Latin: Or the Empire of a Sign

Latin: Or the Empire of a Sign


By (author) Francois Waquet, Translated by John Howe


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  • Publisher: Verso Books
  • Format: Paperback | 400 pages
  • Dimensions: 173mm x 229mm x 28mm | 499g
  • Publication date: 1 January 2003
  • Publication City/Country: London
  • ISBN 10: 1859844022
  • ISBN 13: 9781859844021
  • Edition: New edition
  • Edition statement: New edition
  • Illustrations note: black & white illustrations
  • Sales rank: 893,603

Product description

This is a history of Latin between the 16th and 20th centuries, a period when the language dominated the civic and sacred worlds of Europe and, arguably, the entire Western world. The book explores the institutional contexts in which the language was adopted and transmitted, as well as the privilege it came to confer on those that studied it. Waquet demonstrates how Latin became a symbol of status and ultimately shows that, rather than disappearing, this has given way to a nostalgic exoticism such that water companies and car models now use Latin names. This is a work of reference, but it is also a cultural history, detailing the power struggles that took place in education and the world of science over Latin's status.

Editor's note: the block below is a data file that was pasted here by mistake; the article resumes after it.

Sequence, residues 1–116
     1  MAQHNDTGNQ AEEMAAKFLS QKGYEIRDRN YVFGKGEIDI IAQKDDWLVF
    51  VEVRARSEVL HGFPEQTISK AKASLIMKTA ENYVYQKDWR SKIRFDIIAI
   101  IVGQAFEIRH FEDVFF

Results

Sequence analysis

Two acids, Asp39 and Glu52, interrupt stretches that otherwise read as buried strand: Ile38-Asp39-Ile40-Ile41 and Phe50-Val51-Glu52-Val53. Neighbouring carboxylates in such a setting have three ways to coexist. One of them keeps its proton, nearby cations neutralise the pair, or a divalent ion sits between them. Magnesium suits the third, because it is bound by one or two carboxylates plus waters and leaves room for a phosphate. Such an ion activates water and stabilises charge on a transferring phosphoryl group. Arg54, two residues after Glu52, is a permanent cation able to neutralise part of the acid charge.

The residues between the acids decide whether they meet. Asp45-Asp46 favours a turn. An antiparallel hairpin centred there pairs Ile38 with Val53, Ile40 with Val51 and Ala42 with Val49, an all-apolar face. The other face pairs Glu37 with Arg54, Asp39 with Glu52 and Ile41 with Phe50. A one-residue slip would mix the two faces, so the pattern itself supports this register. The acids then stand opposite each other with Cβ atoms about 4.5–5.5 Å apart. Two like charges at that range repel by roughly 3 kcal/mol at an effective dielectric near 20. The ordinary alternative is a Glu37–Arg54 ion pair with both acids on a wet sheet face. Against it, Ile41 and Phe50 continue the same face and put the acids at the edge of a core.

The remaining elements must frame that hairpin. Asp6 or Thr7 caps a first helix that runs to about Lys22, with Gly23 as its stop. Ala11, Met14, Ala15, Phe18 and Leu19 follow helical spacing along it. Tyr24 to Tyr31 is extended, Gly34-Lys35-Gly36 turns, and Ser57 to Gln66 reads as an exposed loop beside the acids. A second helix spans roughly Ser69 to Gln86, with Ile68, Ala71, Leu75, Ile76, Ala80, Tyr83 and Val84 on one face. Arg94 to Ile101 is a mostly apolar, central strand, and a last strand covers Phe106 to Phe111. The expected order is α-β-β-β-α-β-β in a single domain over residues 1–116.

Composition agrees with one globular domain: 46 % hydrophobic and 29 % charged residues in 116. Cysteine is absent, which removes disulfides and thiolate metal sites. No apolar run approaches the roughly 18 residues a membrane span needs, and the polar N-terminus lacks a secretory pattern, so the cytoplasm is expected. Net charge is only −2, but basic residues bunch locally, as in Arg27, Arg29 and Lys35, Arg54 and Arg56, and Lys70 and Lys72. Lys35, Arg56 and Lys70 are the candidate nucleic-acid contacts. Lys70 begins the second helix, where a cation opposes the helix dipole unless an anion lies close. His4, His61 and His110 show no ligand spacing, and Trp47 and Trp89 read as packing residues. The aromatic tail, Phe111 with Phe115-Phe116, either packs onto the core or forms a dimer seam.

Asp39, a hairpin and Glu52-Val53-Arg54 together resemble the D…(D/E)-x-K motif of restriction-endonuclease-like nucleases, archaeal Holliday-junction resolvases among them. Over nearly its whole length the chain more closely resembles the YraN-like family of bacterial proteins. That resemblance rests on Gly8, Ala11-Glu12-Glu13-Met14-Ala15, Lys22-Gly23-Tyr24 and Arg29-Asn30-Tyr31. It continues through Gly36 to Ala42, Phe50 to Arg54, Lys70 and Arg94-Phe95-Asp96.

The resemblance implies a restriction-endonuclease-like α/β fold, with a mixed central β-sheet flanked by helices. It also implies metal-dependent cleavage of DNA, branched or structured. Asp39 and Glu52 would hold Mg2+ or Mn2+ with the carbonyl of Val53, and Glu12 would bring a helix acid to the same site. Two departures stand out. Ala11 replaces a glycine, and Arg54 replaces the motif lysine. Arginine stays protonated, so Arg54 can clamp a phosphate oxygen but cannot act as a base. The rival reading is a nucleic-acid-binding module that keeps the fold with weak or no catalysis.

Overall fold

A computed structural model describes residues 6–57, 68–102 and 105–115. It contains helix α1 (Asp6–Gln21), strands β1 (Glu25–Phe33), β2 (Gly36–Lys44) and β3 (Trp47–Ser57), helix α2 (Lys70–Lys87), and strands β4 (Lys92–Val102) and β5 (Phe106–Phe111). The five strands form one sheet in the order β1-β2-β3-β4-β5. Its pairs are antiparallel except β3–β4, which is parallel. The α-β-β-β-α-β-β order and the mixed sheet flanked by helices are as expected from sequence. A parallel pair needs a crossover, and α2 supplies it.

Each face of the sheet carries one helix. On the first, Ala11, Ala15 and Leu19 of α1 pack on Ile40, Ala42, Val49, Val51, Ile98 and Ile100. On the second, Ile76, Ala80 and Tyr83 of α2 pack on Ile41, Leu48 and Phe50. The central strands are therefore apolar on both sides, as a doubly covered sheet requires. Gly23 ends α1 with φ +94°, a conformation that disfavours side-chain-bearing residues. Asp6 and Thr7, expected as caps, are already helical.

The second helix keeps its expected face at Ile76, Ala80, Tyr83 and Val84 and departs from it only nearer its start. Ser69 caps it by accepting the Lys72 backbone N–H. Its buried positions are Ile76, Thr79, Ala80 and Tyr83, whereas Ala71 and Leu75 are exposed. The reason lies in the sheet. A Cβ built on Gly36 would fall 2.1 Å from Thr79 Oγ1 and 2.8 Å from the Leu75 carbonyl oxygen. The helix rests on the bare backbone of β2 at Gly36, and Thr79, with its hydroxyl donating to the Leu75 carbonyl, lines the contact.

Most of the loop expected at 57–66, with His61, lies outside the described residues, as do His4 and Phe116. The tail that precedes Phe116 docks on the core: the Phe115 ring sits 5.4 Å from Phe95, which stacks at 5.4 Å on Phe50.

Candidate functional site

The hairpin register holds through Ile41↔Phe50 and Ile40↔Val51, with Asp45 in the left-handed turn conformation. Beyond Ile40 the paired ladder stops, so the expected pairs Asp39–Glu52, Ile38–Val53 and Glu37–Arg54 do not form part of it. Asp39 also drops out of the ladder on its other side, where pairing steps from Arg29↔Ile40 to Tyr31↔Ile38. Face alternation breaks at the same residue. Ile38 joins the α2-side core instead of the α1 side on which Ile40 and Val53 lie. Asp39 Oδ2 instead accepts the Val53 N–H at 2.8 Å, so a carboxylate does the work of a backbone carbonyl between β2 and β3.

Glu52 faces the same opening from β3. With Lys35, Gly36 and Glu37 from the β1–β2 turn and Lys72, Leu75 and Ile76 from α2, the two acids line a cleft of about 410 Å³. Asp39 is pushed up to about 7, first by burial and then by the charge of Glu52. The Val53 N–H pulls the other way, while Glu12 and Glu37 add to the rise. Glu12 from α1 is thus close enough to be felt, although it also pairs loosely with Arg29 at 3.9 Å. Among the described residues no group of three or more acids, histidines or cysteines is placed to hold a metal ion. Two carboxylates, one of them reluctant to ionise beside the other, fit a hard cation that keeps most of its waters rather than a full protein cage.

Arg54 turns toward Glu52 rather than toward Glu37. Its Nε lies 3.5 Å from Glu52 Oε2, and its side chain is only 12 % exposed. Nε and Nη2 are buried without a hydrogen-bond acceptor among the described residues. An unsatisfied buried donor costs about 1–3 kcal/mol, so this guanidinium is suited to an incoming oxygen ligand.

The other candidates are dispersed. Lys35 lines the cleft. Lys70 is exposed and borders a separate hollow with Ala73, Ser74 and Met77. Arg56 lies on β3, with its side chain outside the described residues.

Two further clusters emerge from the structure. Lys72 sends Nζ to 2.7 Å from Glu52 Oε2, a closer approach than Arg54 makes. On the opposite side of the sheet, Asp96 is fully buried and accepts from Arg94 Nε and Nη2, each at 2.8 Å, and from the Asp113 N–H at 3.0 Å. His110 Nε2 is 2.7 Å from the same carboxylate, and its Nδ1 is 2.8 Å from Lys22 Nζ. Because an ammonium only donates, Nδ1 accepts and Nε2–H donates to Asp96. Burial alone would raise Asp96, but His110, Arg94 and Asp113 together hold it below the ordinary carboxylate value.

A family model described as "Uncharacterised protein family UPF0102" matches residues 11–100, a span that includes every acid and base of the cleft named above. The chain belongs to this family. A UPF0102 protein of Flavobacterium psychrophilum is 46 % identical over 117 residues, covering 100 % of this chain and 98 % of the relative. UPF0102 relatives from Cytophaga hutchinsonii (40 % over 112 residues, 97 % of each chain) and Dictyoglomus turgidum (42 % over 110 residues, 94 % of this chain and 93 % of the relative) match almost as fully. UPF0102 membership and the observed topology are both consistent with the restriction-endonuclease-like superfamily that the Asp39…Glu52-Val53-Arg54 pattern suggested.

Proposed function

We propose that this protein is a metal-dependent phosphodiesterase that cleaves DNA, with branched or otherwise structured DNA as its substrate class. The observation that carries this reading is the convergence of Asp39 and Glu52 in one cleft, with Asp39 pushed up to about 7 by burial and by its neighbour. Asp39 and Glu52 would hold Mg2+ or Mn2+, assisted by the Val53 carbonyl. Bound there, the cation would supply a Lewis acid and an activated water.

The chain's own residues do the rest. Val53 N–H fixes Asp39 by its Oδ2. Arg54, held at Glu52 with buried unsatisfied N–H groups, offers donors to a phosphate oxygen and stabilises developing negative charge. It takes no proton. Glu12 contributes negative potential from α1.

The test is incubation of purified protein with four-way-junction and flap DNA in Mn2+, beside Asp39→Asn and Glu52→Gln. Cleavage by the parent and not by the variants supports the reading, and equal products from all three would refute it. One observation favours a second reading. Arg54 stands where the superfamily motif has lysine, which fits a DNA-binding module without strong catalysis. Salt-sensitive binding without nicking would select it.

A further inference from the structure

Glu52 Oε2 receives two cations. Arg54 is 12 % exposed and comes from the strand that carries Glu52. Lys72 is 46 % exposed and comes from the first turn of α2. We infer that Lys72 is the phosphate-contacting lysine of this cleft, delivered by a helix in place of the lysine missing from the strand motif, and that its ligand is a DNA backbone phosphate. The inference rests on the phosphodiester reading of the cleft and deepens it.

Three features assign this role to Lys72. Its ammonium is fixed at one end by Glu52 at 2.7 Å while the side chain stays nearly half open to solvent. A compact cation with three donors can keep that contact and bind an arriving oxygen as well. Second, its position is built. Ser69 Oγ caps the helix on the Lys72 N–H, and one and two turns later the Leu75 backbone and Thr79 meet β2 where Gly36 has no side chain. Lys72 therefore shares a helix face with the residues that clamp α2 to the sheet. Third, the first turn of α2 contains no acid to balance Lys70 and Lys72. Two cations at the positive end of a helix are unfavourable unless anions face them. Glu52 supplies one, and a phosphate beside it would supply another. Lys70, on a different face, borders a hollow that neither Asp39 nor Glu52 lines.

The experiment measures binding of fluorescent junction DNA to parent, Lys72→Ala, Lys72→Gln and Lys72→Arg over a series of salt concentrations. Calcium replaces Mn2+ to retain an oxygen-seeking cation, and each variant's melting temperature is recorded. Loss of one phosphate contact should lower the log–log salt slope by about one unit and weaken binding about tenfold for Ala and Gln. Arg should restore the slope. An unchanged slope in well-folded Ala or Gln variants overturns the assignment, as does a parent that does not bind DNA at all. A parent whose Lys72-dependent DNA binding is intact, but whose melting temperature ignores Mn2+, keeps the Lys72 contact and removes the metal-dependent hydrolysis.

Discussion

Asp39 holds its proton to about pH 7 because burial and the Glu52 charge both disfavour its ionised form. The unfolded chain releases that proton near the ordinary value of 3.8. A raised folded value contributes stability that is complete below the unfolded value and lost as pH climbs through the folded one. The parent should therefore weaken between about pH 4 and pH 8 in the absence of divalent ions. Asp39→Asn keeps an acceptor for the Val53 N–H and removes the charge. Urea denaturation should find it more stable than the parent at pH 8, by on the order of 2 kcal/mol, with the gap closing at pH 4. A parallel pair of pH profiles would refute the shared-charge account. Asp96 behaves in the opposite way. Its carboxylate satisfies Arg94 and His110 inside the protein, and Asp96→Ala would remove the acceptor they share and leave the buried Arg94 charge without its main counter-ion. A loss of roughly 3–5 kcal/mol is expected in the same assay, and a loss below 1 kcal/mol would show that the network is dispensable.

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Author information

Francoise Waquet is a director of research at the Centre National de la Recherche Scientifique in Paris. Among her previous books are Les fetes royales sous la Restauration ou l'Ancien Regime retrouve and, with Hans Bots, La Republique des Lettres.

Review quote

""Latin is dead and this book is its epitaph ... it is the merit and interest of Waquet's survey that she finds Latin not only deployed for the liturgy, but also to describe things carnal, pornographic, or otherwise shameful. -- Daily Telegraph "... richly researched and delightful... with scholars of Waquet's generosity and ability, the old language might yet have a future." - New Criterion "Waquet.s wonderful, readable book (in Howe's fine translation) provides an intellectual history of the Latin language ... Waquet memorabluy charts Latin's reception in scholarly, comic, tender and exhaustive detail through learned, literary and popular sources." - Choice "... the book is valuable if for no other reason than for the historical light is sheds on contemporary debates over the value of a 'traditional' education - and for reminding us that a classical education is sometimes more about class than about education." - Washington Times "...detailed and wide-ranging..." - Los Angeles Times Book Review ... a lucid , learned retelling of the fortunes of the Latin language in the modern era. A scholarly work, this will nonetheless appeal to general readers as well." - History "...[a] fascinating and lively survey of the place of Latin western culture during the past 400 years." - Independent "It is a wonderful survey of the uses to which we have put Latin." - A. N. Wilson "... an eloquent obituary..." - Spectator "And for something completely differently serious, read part of Europe's future in part of its past: the fascinating Latin: or the Empire of a Sign." - A.C. Grayling, Guardian, Summer Choice 2002 ""A splendid book: original in method, suggestive in argument, and a pleasure to read."" -- London Review of Books